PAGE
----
11. ^ a b "Mason County Courthouse". Texas Escapes – Blueprints For Travel, LLC. Retrieved November 27, 2010.
  12. ^ a b Lehmann, Herman; Hunter, J Marvin; Giese, Dale F (1993). Nine Years Among the Indians, 1870–1879: The Story of the Captivity and Life of a Texan Among the Indians. University of New Mexico Press. ISBN 978-0-8263-1417-8.
  13. ^ Hudspeth, Brewster. "The Savage Life Of Herman Lehmann". Texas Escapes – Blueprints For Travel, LLC. Retrieved November 27, 2010. Texas Escapes – Blueprints For Travel, LLC.
  14. ^ Gould, Florence C; Pando, Patricia N. "Mason Co Tx Women Homesteaders". Tx Gen Web. Archived from the original on October 20, 2010. Retrieved November 27, 2010.
  15. ^ "Gem of the Hill Country-Mason, Tex". Hill Country Portal. Retrieved November 27, 2010.
  16. ^ Johnson, David; Miller, Rick (2009). The Mason County ""Hoo Doo"" War, 1874–1902 (A.C. Greene Series). University of North Texas Press. ISBN 978-1-57441-262-8.
  17. ^ Johnson, David; Parsons, Chuck (2008). John Ringo, King of the Cowboys: His Life and Times from the Hoo Doo War to Tombstone, Second Edition (A. C. Greene). University of North Texas Press. ISBN 978-1-57441-243-7.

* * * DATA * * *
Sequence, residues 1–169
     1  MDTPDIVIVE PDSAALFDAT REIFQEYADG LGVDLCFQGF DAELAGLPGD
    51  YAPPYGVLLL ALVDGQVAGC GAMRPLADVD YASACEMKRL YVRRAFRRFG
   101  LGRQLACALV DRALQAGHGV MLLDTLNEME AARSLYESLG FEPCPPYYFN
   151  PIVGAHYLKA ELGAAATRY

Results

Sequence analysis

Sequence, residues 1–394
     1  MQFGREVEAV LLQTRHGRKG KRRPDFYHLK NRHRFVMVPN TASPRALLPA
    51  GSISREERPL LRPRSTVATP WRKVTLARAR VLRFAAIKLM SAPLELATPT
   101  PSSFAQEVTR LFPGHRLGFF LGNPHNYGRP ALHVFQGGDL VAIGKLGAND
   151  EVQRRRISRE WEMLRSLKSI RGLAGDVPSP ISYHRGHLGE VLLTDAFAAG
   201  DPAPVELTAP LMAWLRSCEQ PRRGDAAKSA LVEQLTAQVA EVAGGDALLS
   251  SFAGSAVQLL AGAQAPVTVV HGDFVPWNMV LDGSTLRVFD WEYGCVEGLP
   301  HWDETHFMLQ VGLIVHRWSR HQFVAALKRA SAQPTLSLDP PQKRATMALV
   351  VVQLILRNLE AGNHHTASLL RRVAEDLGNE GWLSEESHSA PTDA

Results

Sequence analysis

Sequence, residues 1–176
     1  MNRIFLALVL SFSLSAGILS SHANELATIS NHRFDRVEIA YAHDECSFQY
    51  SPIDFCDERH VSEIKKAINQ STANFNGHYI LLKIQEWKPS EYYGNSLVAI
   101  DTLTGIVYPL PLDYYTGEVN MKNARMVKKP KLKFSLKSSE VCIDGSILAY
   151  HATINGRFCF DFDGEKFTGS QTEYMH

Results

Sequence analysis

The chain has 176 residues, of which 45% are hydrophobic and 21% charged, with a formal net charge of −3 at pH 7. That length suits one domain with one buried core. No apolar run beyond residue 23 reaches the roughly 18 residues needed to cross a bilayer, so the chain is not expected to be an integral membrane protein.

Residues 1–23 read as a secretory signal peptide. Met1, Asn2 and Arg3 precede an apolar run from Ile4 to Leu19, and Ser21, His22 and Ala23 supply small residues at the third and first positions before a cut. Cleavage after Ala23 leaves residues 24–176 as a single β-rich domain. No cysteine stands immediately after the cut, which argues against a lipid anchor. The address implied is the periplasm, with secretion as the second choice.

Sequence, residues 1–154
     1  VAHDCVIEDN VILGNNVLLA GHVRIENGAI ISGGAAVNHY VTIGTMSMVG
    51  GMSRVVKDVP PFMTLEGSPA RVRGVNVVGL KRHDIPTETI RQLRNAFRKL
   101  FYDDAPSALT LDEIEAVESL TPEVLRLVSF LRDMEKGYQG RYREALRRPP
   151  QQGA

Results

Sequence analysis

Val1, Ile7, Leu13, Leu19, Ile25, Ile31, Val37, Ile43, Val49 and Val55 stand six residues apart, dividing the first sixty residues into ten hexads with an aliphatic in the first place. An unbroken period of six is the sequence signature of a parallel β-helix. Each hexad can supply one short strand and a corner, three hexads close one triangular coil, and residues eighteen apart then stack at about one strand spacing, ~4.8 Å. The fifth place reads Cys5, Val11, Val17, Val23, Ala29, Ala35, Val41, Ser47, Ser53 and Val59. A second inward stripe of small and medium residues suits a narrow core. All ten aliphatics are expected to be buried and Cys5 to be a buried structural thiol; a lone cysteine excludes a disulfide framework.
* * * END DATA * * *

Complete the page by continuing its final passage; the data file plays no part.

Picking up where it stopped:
18. ^ Hadeler, Glenn. "The Mason County Hoo Doo Wars". TexFiles. Archived from the original on May 12, 2010. Retrieved April 30, 2010. TexFiles
  19. ^ "Johnny Ringo and the Hoo Doo War". Retrieved April 30, 2010.
  20. ^ Garner, L Edwin. "Mineral Resources and Mining". Handbook of Texas Online. Texas State Historical Society. Retrieved November 27, 2010.
  21. ^ Leatherwood, Art. "Hereford Cattle". Handbook of Texas Online. Texas State Historical Association. Retrieved November 27, 2010.
  22. ^ Wentsch, George M. "Pedernales Electric Coop". Handbook of Texas Online. Texas State Historical Society. Retrieved November 27, 2010.
  23. ^ "2010 Census Gazetteer Files". United States Census Bureau. August 22, 2012. Retrieved May 4, 2015.
  24. ^ "Census of Population and Housing from 1790-2000". US Census Bureau. Retrieved January 24, 2022.
  25. ^ "Texas Almanac: Population History of Counties from 1850–2010" (PDF). Texas Almanac. Retrieved May 4, 2015.
  26. ^ a b "P2 HISPANIC OR LATINO, AND NOT HISPANIC OR LATINO BY RACE - 2010: DEC Redistricting Data (PL 94-171) - Mason County, Texas". United States Census Bureau.
  27. ^ a b "P2 HISPANIC OR LATINO, AND NOT HISPANIC OR LATINO BY RACE - 2020: DEC Redistricting Data (PL 94-171) - Mason County, Texas". United States Census Bureau.
  28. ^ "U.S. Census website". United States Census Bureau. Retrieved May 14, 2011.
  29. ^ Leip, David. "Dave Leip's Atlas of U.S. Presidential Elections". uselectionatlas.org. Retrieved April 11, 2018.

External links[edit]

Coordinates: 30°43′N 99°13′W / 30.72°N 99.22°W / 30.72; -99.22